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Agriculture and Nutrition Resource Review

The Agriculture and Nutrition Resource Review is a monthly selection of materials to keep you updated on research and developments related to strengthening linkages between agriculture and nutrition. Resources from this month’s review are featured below. To see materials from earlier editions, or to view resources from across SPRING's technical areas, visit the Resource Review.

Interested in a broader perspective? You can find interesting resources from across SPRING’s technical areas in the Resource Review

Reports, Tools, and Other Related Materials
A diverse collection of programmatic materials and news

The SPRING Project, March 2014.

SPRING has developed a series of briefs that illustrate how evidence-based pathways and principles can strengthen agriculture and nutrition linkages under Feed the Future. Short vignettes from agricultural activities highlight how these concepts can be applied in diverse contexts. The frameworks of the pathways and principles for improving nutrition through agriculture are described in Brief 1: Understanding and Applying Primary Pathways and Principles.  Each subsequent brief explores a different route between agriculture and nutrition: Food Production Pathway, Agriculture Income Pathway and Women's Empowerment Pathway. 

Overseas Development Institute (ODI), January 2014. 

ODI’s Future Diets includes a 100+ page data-rich report, as well as a set of infographics that trace how the changes in diet—more fat, more meat, more sugar, and bigger portions--have led to a looming health crisis. It also looks at how policy-makers have tried to curb our eating excesses—with mixed results.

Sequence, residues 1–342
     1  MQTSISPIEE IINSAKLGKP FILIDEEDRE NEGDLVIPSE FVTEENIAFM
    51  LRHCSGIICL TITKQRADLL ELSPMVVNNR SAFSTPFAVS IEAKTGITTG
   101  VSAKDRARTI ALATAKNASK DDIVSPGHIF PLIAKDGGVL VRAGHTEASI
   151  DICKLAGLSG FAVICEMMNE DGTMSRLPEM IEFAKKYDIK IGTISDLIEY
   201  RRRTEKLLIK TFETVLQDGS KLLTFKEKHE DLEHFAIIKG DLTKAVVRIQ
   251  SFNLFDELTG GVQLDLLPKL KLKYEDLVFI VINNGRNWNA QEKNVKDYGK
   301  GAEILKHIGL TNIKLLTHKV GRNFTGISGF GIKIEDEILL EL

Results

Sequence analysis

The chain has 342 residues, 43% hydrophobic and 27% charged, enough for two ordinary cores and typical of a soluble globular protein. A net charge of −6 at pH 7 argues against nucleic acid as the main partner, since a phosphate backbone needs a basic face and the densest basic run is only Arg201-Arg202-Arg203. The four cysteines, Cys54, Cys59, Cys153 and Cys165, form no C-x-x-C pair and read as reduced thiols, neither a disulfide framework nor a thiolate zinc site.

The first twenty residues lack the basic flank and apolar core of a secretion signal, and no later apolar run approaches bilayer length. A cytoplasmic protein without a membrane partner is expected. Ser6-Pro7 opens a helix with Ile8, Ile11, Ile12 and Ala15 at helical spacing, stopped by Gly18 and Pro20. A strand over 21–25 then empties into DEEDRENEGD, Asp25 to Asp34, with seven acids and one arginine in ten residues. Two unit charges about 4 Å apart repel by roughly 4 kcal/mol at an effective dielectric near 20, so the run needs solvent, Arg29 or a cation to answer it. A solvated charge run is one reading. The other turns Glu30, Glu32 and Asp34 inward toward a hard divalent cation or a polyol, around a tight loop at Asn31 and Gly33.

Action Against Hunger, March 2013. 

ACF International has newly released 3 case studies based on ACF innovative nutrition-sensitive interventions, in Liberia, Guinea and Pakista that complete the 3 previously released in 2012. These 8-page documents demonstrate how food security interventions can achieve better outcomes by using a nutrition lens at different steps of the project cycle.

TOPS, March 2014.

The TOPS Program team of technical specialists has undertaken a review of  final evaluation reports from Food for Peace‐funded development food assistance projects (formerly referred to as Multi‐Year Assistance Projects or Development Assistance Projects) to identify promising practices  in effective food security programming. The TOPS team hopes this will serve as a basis for discussion among the food security community and lead to consensus on promising practices to promote, further identification of additional promising practices, and further field‐testing and/or documentation of promising practices to establish a robust evidence base.

The Guardian, March 2014.